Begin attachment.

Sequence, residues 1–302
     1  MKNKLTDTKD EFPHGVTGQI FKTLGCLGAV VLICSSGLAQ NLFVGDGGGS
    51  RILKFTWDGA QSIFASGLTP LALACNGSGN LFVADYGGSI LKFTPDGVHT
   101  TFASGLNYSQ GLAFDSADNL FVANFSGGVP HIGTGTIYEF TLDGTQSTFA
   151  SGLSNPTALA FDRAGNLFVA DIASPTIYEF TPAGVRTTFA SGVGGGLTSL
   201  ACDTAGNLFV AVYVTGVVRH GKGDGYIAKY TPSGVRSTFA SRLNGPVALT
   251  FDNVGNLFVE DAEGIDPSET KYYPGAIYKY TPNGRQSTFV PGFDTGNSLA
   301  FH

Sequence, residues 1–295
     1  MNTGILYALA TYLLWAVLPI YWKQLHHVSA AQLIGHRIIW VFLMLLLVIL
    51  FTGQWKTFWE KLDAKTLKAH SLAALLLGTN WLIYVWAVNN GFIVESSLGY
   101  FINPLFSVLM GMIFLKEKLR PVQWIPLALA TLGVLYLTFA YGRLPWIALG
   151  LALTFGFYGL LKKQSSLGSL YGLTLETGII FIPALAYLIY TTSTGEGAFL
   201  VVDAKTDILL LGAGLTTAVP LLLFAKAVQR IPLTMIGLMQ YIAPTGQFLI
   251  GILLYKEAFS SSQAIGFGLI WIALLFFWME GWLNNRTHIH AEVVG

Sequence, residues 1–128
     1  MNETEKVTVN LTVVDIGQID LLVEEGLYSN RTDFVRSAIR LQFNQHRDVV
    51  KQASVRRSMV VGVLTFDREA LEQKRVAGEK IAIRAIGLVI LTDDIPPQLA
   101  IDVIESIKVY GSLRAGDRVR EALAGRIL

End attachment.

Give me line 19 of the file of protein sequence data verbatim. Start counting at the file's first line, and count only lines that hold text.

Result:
   101  IDVIESIKVY GSLRAGDRVR EALAGRIL